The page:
OLED, I hear it's junk in the sunlight.
I thought OLEDs worked better in sunlight than LCDs.
You heard wrong.
LED emission colors are based on the physical size of the semiconductor used to build them. The problem is that LEDs don't come in any kind of material that will resonate well at 520 nanometers wavelengths (green spectra). There are some HUGE fundamental limits in semiconductor physics that make getting a good green LED almost impossible.
This is why the AMOLED display on the Nexus One has 50% green LEDs, 25% red and 25% blue instead of the 33%+33%+33% an equivalent LCD screen like the Motorola Droid has. They tried to compensate for the low output intensity of existing green AMOLEDs by simply using more of them ...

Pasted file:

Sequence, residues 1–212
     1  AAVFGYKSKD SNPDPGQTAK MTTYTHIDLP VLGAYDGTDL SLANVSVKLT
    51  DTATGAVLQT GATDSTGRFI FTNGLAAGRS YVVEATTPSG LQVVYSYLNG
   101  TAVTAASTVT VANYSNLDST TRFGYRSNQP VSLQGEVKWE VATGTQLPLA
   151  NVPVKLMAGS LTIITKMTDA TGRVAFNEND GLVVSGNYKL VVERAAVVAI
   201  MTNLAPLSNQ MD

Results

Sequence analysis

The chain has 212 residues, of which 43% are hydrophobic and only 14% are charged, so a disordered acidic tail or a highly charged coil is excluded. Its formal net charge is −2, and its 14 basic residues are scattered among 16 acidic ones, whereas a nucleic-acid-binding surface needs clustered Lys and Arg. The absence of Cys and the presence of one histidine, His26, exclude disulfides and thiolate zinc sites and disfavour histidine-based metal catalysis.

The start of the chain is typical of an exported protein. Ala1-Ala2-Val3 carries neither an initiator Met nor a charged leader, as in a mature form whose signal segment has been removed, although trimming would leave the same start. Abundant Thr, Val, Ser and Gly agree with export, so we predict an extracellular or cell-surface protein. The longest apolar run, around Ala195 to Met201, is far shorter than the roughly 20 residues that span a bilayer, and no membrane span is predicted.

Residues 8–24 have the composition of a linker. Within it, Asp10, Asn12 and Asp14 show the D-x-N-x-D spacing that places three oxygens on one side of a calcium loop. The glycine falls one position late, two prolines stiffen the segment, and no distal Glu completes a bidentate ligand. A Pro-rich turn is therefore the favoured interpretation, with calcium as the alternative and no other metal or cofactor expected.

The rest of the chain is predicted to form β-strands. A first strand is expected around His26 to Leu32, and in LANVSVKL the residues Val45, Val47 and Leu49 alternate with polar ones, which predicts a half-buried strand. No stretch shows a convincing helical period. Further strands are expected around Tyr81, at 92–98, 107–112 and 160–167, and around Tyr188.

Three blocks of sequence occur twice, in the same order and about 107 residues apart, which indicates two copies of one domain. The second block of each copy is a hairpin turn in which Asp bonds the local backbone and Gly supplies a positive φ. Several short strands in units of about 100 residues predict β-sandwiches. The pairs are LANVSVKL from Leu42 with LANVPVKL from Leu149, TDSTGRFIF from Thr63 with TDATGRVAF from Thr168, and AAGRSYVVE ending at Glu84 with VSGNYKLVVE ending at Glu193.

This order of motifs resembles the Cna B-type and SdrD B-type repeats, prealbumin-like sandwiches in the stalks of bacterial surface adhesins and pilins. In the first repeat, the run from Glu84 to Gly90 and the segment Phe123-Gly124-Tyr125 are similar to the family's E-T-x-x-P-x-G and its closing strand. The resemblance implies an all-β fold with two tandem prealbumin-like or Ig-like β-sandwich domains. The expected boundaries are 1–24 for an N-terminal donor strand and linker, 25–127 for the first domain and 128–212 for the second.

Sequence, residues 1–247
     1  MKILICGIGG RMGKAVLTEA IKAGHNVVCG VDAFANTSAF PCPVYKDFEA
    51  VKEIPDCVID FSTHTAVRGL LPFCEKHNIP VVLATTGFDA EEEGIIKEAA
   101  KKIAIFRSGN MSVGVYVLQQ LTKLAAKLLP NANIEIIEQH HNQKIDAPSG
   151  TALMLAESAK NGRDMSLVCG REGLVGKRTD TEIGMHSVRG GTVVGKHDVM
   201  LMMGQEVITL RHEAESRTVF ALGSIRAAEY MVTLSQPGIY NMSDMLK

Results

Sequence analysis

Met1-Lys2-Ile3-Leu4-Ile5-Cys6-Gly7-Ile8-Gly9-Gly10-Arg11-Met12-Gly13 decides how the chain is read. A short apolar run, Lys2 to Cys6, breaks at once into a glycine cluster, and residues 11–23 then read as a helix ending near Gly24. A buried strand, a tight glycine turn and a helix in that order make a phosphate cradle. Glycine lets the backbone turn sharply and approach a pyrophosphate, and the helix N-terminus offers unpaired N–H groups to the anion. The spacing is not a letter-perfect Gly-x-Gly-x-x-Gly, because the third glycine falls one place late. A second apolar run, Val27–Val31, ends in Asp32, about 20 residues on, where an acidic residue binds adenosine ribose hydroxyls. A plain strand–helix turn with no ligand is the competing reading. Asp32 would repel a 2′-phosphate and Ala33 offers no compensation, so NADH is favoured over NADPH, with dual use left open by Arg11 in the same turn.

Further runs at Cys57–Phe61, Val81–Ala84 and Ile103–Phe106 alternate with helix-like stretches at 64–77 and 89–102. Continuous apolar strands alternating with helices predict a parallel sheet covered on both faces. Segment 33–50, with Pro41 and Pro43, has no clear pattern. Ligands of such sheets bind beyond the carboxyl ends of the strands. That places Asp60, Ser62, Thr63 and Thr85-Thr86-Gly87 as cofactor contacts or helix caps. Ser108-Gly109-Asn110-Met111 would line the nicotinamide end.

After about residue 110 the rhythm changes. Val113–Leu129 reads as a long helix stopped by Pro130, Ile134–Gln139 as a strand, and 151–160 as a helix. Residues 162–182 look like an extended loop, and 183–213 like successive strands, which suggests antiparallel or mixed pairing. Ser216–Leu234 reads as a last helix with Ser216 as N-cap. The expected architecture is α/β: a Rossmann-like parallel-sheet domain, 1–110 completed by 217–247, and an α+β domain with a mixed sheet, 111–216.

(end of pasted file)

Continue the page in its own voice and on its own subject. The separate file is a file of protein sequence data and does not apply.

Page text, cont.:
To add to CellStudent's remarks, as I said earlier, the draw to AMOLED is economics of price, space, and weight. Just like 3G became a buzz word, so did AMOLED. It sounds cooler, therefore it must do the impossible, right?
Truth is, the sun is so intense that the only way to effectively, 100% prevent it from interfering with browsing LOLCATS on your way to work or school is to do it at night. Your exposure to sunlight is drastically reduced (though not eliminated).